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The Child Development Associate (CDA) Credential is the most widely recognized credential in early childhood education (ECE) in the U.S. The credential is awarded by the Council for Professional Recognition. To earn a CDA, applicants must demonstrate their competency in areas which support the healthy growth and development of children, both in center-based care, and in home visiting programs.
In 1973 the U.S. Department of Health, Education, and Welfare, Administration on Children, Youth and Families (ACYF) funded the Child Development Associate Credential (CDA)(TM) to improve the quality of early childhood education (ECE.) The CDA was based on a combination of verified training hours, objective testing, and direct observation of the candidate in the classroom environment. The CDA encompasses both working with children in the ECE setting and interaction with parents or guardians. The first CDA credential was awarded in 1975. The CDA became the sole nationally recognized ECE credential, accepted in all 50 states and U.S. Territories. An initial CDA credential was valid for a period of five years, with a renewal valid for a period of three years.
In 1985, ACYF, in cooperation with the National Association for the Education of Young Children (NAEYC) created a separate non-profit organization for the administration of the CDA Credential. The Council for Early Childhood Professional Recognition was founded to administer the CDA program. In 2003, The Council for Early Childhood Professional Recognition changed its name to Council for Professional Recognition.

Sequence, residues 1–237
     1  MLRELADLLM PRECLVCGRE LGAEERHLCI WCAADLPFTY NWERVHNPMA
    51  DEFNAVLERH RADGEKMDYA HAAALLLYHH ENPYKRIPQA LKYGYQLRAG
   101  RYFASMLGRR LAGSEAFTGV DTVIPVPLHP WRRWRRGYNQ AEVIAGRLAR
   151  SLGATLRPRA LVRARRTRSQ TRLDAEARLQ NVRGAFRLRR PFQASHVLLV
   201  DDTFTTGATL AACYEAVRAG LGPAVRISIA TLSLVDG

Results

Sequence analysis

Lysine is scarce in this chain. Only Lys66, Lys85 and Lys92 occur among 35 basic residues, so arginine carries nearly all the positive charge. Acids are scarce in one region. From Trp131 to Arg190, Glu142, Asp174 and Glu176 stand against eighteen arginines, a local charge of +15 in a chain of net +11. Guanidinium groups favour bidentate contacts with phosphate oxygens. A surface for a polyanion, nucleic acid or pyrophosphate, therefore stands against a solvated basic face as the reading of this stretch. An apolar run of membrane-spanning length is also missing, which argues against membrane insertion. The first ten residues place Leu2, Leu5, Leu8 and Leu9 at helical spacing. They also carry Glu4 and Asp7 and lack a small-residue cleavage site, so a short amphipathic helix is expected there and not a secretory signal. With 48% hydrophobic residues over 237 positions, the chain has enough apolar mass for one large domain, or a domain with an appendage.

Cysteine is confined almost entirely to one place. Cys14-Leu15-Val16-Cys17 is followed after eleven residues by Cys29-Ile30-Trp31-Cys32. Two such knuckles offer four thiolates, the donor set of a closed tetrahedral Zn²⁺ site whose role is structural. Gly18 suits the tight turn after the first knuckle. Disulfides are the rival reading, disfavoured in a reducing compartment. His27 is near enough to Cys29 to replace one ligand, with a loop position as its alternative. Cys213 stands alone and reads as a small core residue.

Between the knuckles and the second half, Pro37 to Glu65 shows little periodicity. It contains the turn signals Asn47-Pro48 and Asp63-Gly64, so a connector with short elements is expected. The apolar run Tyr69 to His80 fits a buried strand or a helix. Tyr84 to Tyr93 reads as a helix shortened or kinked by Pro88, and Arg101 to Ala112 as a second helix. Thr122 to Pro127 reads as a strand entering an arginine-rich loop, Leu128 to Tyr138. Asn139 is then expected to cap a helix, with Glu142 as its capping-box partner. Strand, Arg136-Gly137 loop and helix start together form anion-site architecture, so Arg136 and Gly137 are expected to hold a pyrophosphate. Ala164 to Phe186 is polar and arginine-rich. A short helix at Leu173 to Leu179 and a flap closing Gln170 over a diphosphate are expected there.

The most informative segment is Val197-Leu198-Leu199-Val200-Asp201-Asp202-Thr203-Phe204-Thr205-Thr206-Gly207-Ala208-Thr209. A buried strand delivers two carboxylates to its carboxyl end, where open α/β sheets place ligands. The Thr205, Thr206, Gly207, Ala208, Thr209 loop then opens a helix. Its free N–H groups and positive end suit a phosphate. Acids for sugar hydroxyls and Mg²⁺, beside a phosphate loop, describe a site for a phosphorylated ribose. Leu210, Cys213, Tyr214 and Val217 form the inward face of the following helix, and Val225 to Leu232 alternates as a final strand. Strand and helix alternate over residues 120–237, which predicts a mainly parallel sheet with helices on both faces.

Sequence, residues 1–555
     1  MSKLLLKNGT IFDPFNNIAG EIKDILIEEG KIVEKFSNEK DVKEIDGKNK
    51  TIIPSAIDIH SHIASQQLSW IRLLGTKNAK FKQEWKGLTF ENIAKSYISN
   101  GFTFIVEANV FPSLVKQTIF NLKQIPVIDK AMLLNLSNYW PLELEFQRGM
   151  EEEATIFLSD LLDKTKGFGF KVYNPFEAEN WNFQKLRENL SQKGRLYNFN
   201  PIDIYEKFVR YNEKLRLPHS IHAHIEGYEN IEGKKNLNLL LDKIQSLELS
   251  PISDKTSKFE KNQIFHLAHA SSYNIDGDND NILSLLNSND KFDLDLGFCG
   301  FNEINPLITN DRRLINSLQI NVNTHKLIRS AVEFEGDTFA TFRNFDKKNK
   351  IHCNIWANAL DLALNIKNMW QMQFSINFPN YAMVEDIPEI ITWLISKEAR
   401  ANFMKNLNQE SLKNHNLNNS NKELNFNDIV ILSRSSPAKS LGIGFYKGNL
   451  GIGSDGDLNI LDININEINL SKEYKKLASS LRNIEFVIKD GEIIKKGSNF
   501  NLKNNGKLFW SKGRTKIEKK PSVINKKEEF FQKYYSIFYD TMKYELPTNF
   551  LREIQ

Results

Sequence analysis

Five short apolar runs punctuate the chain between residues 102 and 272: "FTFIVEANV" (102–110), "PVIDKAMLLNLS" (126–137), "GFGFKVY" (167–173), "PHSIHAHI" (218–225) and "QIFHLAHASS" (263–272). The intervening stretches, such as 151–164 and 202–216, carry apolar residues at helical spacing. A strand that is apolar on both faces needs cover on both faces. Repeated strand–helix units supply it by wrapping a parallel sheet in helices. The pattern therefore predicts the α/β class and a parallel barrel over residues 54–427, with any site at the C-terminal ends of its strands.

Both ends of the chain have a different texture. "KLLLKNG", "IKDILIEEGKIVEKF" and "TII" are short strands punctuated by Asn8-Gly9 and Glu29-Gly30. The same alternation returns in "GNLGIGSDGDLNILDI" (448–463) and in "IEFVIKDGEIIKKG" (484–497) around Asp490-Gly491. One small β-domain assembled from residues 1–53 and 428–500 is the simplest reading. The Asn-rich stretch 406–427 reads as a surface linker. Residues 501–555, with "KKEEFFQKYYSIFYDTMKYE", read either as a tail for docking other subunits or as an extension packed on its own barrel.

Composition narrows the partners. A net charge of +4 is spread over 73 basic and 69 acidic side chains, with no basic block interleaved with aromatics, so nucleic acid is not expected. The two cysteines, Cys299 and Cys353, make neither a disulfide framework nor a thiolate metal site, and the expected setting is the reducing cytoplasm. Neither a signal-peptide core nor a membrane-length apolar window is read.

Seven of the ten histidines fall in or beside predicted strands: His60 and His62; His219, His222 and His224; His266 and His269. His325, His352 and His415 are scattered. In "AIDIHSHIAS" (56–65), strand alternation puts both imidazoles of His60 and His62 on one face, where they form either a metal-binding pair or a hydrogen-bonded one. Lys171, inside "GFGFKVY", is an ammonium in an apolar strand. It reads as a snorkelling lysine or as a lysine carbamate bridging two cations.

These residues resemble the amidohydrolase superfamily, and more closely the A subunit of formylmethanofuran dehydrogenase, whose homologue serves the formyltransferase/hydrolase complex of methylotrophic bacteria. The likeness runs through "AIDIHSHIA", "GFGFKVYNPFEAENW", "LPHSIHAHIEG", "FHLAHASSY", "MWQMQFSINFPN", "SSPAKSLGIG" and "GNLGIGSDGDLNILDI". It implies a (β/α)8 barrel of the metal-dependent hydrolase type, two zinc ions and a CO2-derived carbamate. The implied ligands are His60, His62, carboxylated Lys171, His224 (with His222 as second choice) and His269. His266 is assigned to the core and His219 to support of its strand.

In May 2012, the Council for Early Childhood Professional Recognition announced that the CDA Credential process will be updated to include a self-paced online application process and proctored examinations at Pearson VUE testing centers2. This CDA 2.0 process is to begin June 1, 2013.
The CDA Credential is offered in four settings and is additionally available in bilingual and Spanish categories.
In 2012, the program was expanded to include GED holders and for high school students enrolled in early educational career-technical and family consumer science programs. In 2012, the Council for Professional Recognition awarded its 300,000th credential.7
The credentials involve two main areas: the application, and the observation and testing process. Each credential type focuses on six Competency Standards and thirteen Functional Areas. With the application, candidates submit documentation of 120 hours of formal Early childhood education training in the appropriate age group, 480 hours of professional experience in the appropriate age group, formal observation by a Council for Professional Recognition certified Professional Development Specialist (PDS), computer-based CDA examination, and a statement of ethical conduct. Training can be completed through various methods such as sponsored training programs (Head Start), four year colleges, community colleges, and various resource and referral agencies.
Once the Council for Professional Recognition has reviewed the application, a PDS will conduct a Verification Visit. During the Verification Visit, the PDS will conduct the R.O.R.(tm) model, which includes an observation and a reflection, and review supporting documentation including proof of infant and toddler/Pediatric first aid certification.
Once all the parts have been completed, the Council reviews the submitted application in conjunction with the results of the CDA Exam and the Professional Development Specialist's feedback and issues a CDA Credential.